Due to the number of applications received we are no longer accepting applications to this workshop. Notifications of acceptance to this workshop will come out soon.
Dwain Desbien, Estrella Mountain Community College, Avondale, AZ
Jeff Hengesbach, The Webb Schools, Claremont, CA
David Maloney, indiana University-Purdue University Fort Wayne, Fort Wayne, IN
Tom O’Kuma, Lee College, Baytown, TX
Recent research findings in teaching and learning indicate that the “traditional” lecture-style, passive learning model does not substantially impact the learning and understanding of most students who take introductory physics. The research also indicates that most students enter introductory physics with alternative conceptions to many of the basic concepts that are taught in introductory physics. For most students, passive learning techniques generally do not replace these “misconceptions” with concepts that are more consistent with our understanding of nature. Results from Physics Education Research (PER) have indicated that active learning techniques have substantially increased student conceptual understanding, which provides a basis for problem solving with understanding in introductory physics. This workshop will provide an overview on these efforts and the research in problem solving. Various approaches to problem solving based on research will be presented. This will be followed by small group work on creating sample problems that employ these approaches. This work will be shared and critiqued by the group and workshop leaders. The advantages and weaknesses of these approaches will also be discussed.
This workshop will also focus on Modeling. Modeling is a fundamental process of science. We observe a physical phenomenon and create a model to explain at least certain components of the situation. Our models have limitations and typically have predictive capabilities. The modeling theory of physics focuses the introductory physics curriculum around a small set of models. Participants will learn these models and practice applying them to physical situations.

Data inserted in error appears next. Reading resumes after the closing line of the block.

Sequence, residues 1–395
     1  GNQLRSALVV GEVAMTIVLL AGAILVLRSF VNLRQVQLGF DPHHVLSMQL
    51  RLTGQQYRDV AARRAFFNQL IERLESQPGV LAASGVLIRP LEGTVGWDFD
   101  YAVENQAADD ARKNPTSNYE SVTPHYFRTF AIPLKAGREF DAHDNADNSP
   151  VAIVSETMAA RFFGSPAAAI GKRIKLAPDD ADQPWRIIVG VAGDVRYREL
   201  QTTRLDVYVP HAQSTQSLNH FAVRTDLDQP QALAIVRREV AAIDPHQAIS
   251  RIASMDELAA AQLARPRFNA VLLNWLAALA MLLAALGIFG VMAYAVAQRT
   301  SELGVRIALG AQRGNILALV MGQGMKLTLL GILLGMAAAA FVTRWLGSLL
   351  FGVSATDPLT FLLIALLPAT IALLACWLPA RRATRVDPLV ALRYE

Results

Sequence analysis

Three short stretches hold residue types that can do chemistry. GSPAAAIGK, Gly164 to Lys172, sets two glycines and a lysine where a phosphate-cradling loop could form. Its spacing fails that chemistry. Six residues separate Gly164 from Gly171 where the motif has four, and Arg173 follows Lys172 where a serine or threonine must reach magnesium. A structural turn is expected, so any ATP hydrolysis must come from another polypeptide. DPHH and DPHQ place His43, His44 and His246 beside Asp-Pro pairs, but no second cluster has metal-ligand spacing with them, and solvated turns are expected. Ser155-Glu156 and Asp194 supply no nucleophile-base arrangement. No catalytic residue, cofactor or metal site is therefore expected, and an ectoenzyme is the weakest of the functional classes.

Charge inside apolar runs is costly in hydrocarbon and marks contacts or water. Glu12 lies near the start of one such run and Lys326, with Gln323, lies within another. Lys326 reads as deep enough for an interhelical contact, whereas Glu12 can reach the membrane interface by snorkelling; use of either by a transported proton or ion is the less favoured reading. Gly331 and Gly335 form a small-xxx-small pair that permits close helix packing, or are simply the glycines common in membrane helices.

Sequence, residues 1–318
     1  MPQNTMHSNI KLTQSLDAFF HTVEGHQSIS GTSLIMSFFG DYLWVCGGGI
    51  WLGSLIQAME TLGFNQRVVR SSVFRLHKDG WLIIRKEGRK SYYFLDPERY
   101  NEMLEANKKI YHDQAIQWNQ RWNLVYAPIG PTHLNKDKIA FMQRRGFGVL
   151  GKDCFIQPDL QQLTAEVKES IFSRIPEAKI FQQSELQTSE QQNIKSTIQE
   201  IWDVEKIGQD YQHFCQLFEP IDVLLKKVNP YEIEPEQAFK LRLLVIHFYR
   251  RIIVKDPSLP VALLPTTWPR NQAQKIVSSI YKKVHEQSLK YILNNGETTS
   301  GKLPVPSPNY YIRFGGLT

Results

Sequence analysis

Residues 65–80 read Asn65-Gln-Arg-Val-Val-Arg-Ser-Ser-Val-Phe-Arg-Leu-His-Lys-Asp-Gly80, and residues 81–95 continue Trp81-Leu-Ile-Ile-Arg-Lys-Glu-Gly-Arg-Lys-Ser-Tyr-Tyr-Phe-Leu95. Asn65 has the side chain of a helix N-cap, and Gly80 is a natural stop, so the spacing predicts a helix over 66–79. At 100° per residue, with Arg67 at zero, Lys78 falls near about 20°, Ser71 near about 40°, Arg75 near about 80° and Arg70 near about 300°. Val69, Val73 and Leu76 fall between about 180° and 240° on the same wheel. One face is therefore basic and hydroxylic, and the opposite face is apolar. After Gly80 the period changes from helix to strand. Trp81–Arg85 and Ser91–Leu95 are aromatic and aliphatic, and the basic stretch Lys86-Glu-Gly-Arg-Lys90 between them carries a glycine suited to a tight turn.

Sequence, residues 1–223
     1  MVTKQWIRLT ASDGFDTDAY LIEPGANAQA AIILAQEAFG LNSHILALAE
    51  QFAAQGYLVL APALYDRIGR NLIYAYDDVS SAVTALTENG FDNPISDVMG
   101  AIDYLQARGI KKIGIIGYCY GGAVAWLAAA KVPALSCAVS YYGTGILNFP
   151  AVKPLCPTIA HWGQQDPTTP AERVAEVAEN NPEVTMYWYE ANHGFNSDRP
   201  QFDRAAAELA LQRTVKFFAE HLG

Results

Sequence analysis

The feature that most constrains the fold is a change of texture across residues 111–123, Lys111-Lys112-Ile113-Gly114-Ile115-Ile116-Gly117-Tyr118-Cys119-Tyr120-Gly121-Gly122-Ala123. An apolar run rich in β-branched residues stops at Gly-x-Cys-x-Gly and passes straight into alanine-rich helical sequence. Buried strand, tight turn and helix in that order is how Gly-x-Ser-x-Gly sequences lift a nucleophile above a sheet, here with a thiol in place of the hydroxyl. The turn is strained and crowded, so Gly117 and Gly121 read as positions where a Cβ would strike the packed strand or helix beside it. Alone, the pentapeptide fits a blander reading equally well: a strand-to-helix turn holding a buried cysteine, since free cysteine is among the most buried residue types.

Essential to creating a useful model is to have quality-modeling tools. As physicists we have been exposed to numerous modeling tools (equations, free-body diagrams, motion diagrams, etc.). This workshop will introduce new modeling tools and demonstrate how to use existing tools in more robust ways.
Another essential component of modeling is classroom management. Participants will experience a classroom management technique called modeling discourse management. While this classroom management style was created for a modeling curriculum, it can also be used with most PER based activities or curriculum. Modeling discourse management is an attempt to improve student-student interactions, student-teacher interactions, and classroom discussions.
Participants will have an opportunity to develop new materials for their students in a collaborative group of other Two Year College (TYC) and High School (HS) educators. One of the primary goals of this workshop is to show how these ideas can be implemented at TYCs and HSs. Several methods of integrating the ideas presented at this workshop into the curricula will be discussed including results from TYC and HS settings. Participants will also receive copies of the new (2004) Ranking Task Exercises in Physics: Student Edition from Prentice Hall and developed HS and TYC modeling curriculum.
Discussion and information on the needs of the technological workforce and its connection with the activities of this workshop will be presented. There will also be an opportunity to share and discuss issues relating to teaching physics more effectively, particularly for students enrolled in technician/technology education programs. There will be extensive discussions on how to use various strategies, tools, and tactics to overcome problems and barriers to learning at TYCs and HSs. Important issues such as standards, assessment, diversity, and technology utilization will be addressed at various points during the workshop.
The workshop leaders have many years of experience in developing and refining curricula for introductory physics students. In addition, and more importantly, the workshop leaders have had extensive experience with the implementation and adaptation of curriculum in a variety of institutions and for many types of introductory physics students. The workshop leaders have also had extensive experience training faculty in using and developing their own curricula for their technology-oriented students.The local host will be Dwain Desbien who has provided strong leadership for an outstanding physics program in a suburban campus in a major city. Recently, the physics program at Estrella Mountain Community College was selected as one of the ten outstanding TYC physics programs visited during the SPIN-UP/TYC project.
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